Urban communities in socio-environmental vulnerable conditions constitute places of constant processes of creation and reproduction of social practices and knowledge, related to finding alternatives to mitigate the scarcity of essential resources for survival. The water-energy-food nexus thinking, in turn, consists of a fundamental perspective for reducing vulnerabilities, contributing to equating interdependent scarcities, expanding the supply of resources and social inclusion. In this context, social practices and common sense knowledge in local communities are self-organized and in constant dialogue with water, energy and food scarcity. These practices can point to legitimate alternatives for synergies that mitigate nexus trade-offs or even contradictions in the form of situations that corroborate unsustainability scenarios. This chapter explores community-based studies conducted in vulnerable urban peripheries of the Global South in the Sao Paulo Metropolitan Region, Brazil. We find that there are forms of isolation of social practices synergistic to the nexus, which must be understood and incorporated in interaction with management promoted by local governments. Such structural coupling can make public policies more assertive, efficient and legitimate from the point of view of local to global relations. Hence, we recognize the need for cognitive inclusion through participatory approaches within nexus thinking to achieve transformations to sustainability.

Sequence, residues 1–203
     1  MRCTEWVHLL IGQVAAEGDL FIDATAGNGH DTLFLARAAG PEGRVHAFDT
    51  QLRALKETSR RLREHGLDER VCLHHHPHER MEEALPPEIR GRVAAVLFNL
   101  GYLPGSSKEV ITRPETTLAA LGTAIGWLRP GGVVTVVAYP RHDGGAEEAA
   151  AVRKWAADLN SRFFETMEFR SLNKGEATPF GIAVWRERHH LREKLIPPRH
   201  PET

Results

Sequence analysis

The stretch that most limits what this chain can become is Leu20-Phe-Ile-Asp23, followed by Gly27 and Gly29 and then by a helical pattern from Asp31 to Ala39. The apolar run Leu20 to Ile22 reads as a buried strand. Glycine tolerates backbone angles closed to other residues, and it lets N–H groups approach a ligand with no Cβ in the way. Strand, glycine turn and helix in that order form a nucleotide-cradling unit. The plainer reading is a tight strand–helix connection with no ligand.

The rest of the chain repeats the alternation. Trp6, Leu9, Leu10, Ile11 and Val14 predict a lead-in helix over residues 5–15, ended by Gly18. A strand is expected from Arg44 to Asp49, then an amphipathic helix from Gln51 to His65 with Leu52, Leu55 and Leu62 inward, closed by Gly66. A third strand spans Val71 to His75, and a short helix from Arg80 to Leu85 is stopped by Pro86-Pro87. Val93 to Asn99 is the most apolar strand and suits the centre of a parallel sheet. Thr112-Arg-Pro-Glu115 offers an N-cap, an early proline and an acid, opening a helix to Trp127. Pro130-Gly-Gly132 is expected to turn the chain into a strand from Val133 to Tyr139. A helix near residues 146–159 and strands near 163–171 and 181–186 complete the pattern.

|Title of host publication||Water-energy-food nexus and climate change in cities|
|Subtitle of host publication||Sustainable Development Goals Series|
|Editors||Lira Luz Benites Lazaro, Leandro Luiz Giatti, Laura S. Valente de Macedo, Jose A. Puppim de Oliveira|
|ISBN (Print)||9783031054716, 9783031054747|
|Publication status||Published - 16 Nov 2022|
|Name||Sustainable Development Goals Series|